Hitler summoned Field Marshall Robert Ritter von Greim from Munich to Berlin to take over command of the Luftwaffe from Göring. On April 25, while flying over Berlin in a Fieseler Storch, von Greim was seriously wounded by Soviet anti-aircraft fire. Hanna Reitsch, his mistress and a crack test pilot, landed von Greim on an improvised air strip in the Tiergarten near the Brandenburg Gate.

On April 28, Hitler learned of Heinrich Himmler's contacts with Count Folke Bernadotte in Luebeck. Himmler had asked Bernadotte to convey a peace proposal to US General Dwight D. Eisenhower. Hitler ordered von Greim and Reitsch to fly to Dönitz's headquarters to arrest Himmler.

At 0400 hours on April 29, in the Führerbunker, General Wilhelm Burgdorf, Goebbels, Krebs, and Bormann witnessed and signed the last will and testament of Adolf Hitler. Hitler dictated the document to Traudl Junge, shortly after he had married Eva Braun.

During the afternoon of April 30, Hitler shot himself and Eva took cyanide. In accordance with Hitler's instructions, the bodies were burned in the garden of the Reich Chancellery. In accordance with Hitler's last will and testament, Joseph Goebbels, the Minister for Public Enlightenment and Propaganda, became the new "Head of Government" and Chancellor of Germany (Reichskanzler). At 3:15 am, Reichskanzler Goebbels and Borman sent a radio message to Admiral Karl Dönitz informing him of Hitler's death. Per Hitler's last wishes, Dönitz was appointed as the new "President of Germany" (Reichspräsident).

By the end of the day the Soviets had captured the Reichstag.

Post War

The ruins of both the old and new Chancellery buildings were levelled by the Soviets between 1945 and 1949 but the bunker largely survived, although some areas were partially flooded. In 1947 the Soviets tried to blow up the bunker but only the separation walls were damaged. In 1959 the East German government also tried to blast the bunker, apparently without much effect. Since it was near the Berlin Wall, the site was undeveloped and neglected until after reunification. During the construction of residential housing and other buildings on the site in 1988–89 several underground sections of the old bunker were uncovered by work crews and were for the most part destroyed.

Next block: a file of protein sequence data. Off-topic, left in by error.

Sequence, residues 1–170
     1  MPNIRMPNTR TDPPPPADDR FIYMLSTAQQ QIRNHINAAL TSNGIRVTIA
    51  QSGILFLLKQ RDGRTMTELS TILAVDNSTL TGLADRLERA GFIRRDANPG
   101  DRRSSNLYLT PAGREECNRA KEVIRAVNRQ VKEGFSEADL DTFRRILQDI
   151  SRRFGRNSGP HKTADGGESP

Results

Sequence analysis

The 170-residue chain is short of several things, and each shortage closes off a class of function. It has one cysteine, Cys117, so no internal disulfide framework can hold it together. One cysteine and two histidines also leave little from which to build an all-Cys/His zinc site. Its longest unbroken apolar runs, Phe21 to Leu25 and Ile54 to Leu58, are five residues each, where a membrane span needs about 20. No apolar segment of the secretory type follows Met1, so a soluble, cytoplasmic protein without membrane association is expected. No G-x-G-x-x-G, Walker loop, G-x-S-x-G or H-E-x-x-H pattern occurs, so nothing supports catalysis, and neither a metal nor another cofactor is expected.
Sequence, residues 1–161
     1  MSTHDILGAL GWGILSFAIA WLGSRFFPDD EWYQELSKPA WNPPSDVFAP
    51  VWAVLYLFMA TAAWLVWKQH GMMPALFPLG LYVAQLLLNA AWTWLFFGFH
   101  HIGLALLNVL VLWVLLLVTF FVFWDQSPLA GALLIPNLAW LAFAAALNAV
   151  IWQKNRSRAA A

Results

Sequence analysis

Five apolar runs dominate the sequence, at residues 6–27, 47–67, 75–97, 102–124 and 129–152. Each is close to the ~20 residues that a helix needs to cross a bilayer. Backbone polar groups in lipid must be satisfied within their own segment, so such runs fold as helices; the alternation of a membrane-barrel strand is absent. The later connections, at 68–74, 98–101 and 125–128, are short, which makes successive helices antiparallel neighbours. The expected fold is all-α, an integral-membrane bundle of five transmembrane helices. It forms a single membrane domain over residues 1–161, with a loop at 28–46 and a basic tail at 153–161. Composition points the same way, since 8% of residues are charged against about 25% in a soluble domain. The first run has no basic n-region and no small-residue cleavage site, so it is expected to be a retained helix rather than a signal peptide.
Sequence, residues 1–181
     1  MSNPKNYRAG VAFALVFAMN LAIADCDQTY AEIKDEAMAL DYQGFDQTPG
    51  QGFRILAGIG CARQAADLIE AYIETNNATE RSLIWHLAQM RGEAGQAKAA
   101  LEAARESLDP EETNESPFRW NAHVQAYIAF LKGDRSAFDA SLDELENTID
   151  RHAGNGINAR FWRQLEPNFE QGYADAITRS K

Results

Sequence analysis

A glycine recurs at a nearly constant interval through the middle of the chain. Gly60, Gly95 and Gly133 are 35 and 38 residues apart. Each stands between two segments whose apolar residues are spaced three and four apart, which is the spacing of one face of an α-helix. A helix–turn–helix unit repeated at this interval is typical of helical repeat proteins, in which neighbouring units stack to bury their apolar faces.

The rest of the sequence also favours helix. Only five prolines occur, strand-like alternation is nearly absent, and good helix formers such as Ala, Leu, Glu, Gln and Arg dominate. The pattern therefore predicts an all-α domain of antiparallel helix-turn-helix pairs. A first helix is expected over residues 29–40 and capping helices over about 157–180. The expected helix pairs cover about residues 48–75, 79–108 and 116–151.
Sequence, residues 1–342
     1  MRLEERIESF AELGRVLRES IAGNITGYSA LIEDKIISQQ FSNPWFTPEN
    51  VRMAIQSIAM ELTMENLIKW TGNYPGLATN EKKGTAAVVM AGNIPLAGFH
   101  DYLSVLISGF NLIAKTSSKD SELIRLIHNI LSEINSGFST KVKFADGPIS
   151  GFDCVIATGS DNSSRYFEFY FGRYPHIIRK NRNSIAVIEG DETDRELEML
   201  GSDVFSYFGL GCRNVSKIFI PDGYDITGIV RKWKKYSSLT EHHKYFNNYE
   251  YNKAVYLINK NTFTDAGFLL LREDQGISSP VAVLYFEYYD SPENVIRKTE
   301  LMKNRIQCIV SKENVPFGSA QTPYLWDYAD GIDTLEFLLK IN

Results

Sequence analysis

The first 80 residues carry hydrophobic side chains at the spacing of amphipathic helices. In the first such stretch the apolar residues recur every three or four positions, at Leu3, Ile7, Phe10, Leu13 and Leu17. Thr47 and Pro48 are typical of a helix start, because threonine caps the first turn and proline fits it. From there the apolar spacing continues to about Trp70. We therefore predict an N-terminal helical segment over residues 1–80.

Site of the Bunker as seen in 2005

The former Chancellery was situated at the corner of Wilhelmstraße and Voßstraße. Other parts of the Chancellery underground complex were uncovered during extensive construction work in the 1990s, but these were ignored, filled in or quickly resealed.

In 1990 the bunker was reopened and photographed.

Since 1945 government authorities have been consistently concerned about the site of the bunker evolving into a Hitler shrine. The strategy for avoiding this has largely been to ensure the surroundings remain anonymous and unremarkable. However, many feel this is simply erasing the past and ignoring the fact that it is essentially the most famous war bunker in history. In 2005 the location of the bunker was not marked in any way. The immediate area was occupied by a small Chinese restaurant and shopping mall while the emergency exit point for the bunker (which had been in the Chancellery gardens) was occupied by a parking lot.

On June 8, 2006 a small plaque was installed with a schematic of the bunker to mark the location. The plaque can be found at the corner of In den Ministergärten and Gertrud-Kolmar-Straße, two small streets about three minutes' walk from Potsdamer Platz. The telephonist Rochus Misch, apparently one of the last persons living who was in the bunker at the time of Hitler's suicide, was on hand for the ceremony. As of May 2007, only one other bunker occupant remains alive: Armin Lehmann still provides researchers with historical facts. Lehmann was a 16-year-old Hitler Youth member assigned to Artur Axmann's staff as Hitler's courier. Lehmann's nephew Steven Schulte in Sutherland, Australia, currently has the only known original photo of Hitler in the final hour in the bunker and has declined its release.

Final Occupants of the Führerbunker by Date of Departure

Part of this article consists of modified text from Wikipedia, and the article is therefore licensed under GFDL.